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The train has been cancelled.

The train is cancelled.

The train has cancelled.

Which one is the correct sentence ?

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When a train is cancelled, it is an occurrance that extends from that moment forward, since trains aren't "uncancelled", though they could be "postponed". So this one is OK:

The Train has been cancelled.

However,

The Train is cancelled.

does not work logically in this context. I can't say its specifically wrong because the train is cancelled, but I don't think anyone would say it this way.

And when you say:

The Train has cancelled.

this cannot stand by itself since this form requires a direct object, like:

The snow has cancelled my travel plans.

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The Train has been cancelled.

You would hear this when the speaker is formally communicating that the particular train service has been cancelled.

The Train is cancelled.

This is a casual expression of the same thing and is more frequently used in close proximity, either time or physically.

The Train has cancelled.

I cannot think of a reasonable scenario where this would be used.

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The Train has been cancelled. This is correct; you are using the past perfect tense. This tense indicates that an action was completed (finished or "perfected") at some point in the past before something else happened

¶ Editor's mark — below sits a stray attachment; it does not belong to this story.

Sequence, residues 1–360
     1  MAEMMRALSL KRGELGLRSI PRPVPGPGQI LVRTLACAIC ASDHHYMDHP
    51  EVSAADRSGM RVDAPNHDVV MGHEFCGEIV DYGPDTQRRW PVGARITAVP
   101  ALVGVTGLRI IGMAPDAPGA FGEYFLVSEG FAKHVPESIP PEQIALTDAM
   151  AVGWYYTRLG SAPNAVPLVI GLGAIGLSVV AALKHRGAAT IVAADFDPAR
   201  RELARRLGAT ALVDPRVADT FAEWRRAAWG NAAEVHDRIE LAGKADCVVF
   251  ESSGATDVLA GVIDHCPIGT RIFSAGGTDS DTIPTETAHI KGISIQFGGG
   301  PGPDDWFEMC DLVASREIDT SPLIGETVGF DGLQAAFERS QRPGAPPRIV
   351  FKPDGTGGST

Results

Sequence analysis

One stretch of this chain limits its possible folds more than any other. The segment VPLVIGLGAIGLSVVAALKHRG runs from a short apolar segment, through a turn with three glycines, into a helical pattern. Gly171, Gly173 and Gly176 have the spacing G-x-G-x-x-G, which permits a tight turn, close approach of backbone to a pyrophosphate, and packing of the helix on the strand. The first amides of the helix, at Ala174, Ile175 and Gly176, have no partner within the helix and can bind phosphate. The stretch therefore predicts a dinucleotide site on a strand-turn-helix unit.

The Train is cancelled. This is correct; you are using the past participle to describe the train. You can use this phrase in a more informal way and to describe what is happening right now or very recently; the train is cancelled means that the train has literally just been cancelled as we are speaking.

The Train has cancelled. This sentence is not grammatically correct.

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The Train has been cancelled. - YES

The Train is cancelled. - NO

The Train has cancelled. - NO

Use the first one. It is grammatically correct and it sounds very fluent.

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The train has cancelled doesn't make sense but cancel is transitive verb and will use object.and also train by itself can't anything.

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